NOMADS program to enforce child support is too big, too costly |

NOMADS program to enforce child support is too big, too costly

by Sharon Carter

The sheer size of the new NOMADS computer system designed to track the state’s welfare and child support enforcement programs makes it very challenging for larger counties to use and next to impossible for smaller jurisdictions.

To make it work, Douglas County District Attorney Scott Doyle said his office could be forced to double its number of child support enforcement case workers from four to eight.

And, he said, the situation is even more dismal for counties smaller than Douglas.

If nothing is done and the state can’t be federally certified, it could cost millions of dollars in fines which would then be passed along to the counties.

The circumstance which will bring Doyle before the county commission Thursday also sent Gov. Kenny Guinn to a meeting in San Francisco Monday. Guinn met with officials from other states to work on solutions.

n Nevada not alone. Nevada and half a dozen other states, including California, are lagging behind in complying with a 1988 federal mandate which requires them to develop computer networks to store information on child support cases and which can interface with the federal government.

Already, missed deadlines in 1995 and 1997 because of problems with Nevada’s $95 million NOMADS program could result in fines. If a Sept. 30 federal budget deadline is also missed, the potential for fines is increased.

Since last fall, Douglas, Washoe and Clark counties have been running pilot operations to test NOMADS, an acronym for Nevada Operations of Multi-Automated Data Systems. The program was built to order by IBM to administer both the state’s welfare and child support enforcement programs. And according to Doyle, the dual nature of the program could be one of the reasons it is “an extremely complex system that is difficult to work in.”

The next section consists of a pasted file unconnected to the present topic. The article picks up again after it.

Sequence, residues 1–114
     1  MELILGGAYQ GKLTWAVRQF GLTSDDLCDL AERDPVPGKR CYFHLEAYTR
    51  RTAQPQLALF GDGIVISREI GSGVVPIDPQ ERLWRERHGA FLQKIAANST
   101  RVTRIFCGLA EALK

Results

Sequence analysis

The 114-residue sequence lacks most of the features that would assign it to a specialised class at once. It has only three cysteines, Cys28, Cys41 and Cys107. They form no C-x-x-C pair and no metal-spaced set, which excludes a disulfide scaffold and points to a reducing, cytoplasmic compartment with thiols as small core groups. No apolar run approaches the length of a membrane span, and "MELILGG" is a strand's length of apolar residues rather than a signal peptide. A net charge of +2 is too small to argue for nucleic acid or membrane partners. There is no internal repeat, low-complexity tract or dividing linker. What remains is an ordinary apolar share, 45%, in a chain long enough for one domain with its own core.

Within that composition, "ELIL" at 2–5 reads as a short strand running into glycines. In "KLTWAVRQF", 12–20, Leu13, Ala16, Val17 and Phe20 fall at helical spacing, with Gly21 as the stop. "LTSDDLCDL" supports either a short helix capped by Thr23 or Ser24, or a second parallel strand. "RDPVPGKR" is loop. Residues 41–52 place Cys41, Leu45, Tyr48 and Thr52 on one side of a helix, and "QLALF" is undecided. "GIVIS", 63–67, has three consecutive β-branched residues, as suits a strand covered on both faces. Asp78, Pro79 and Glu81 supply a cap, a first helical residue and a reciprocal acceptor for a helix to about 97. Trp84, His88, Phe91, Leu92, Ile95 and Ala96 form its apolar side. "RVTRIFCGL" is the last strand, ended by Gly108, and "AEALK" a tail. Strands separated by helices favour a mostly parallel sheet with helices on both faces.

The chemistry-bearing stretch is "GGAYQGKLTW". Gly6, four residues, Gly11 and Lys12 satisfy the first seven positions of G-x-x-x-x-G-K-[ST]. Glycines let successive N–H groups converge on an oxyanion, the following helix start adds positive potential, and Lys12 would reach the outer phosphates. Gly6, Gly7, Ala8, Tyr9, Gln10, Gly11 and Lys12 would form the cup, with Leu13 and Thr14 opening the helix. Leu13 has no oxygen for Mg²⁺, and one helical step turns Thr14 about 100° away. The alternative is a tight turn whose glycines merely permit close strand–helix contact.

Although the larger counties have also said there are problems implementing the system, the biggest problem is staffing – it takes resources Douglas County and the state’s smaller counties do not have.

“We already have four case workers in our office, but we’d need eight to make it work and we can’t afford to do it,” Doyle said Monday.

“The smaller counties, which have one case worker, or in some instances one half-time worker, won’t have even the moderate success we’ve had so far. The state shares the costs and they can’t afford it either. We need to lay it out before the county commission and get some direction.”

Doyle said he has submitted a proposal to state officials which might make the program functional for the rural counties.

“If we could regionalize the child support enforcement, we could instantly bring enough resources together to make it functional,” Doyle said.

He said the state welfare system already operates under such an administrative system.

“The county has a May 17 deadline for putting things into the budget, and the state has a May 31 deadline, we have to address this as soon as possible,” he said.

n Daunting process. Douglas County’s four case workers have converted 75 of their 1,450 files since December. They must work in the old program while learning the massive new one.

Clark County, which has loaded 150 of its 45,000 cases, estimates it will be June 30, 2000, before it is fully operational in NOMADS.

C.A. Watts,director of the Clark County District Attorney’s family support office, which has 185 case workers to handle child support issues, said his office has developed a work plan to get it done.

“We’ve dedicated staff to get it done – assigning some workers to be specialists in separate areas of the program,” Watts said. “In the smaller counties, where the worker has to do everything, be a generalist, it’s got to be overwhelming.”

Watts said it has not been smooth sailing, even with the dedicated staff. His assessment and staffing strategies are shared by Washoe County Assistant District Attorney Maddy Shipman.

“We’re asked to sign on to a system which requires doubling of staff in smaller jurisdictions or a lot of upgrades in the larger ones,” Shipman said. “It’s an albatross system that requires 150 percent effort from every one. The system is difficult to work in and needs to be upgraded immediately.”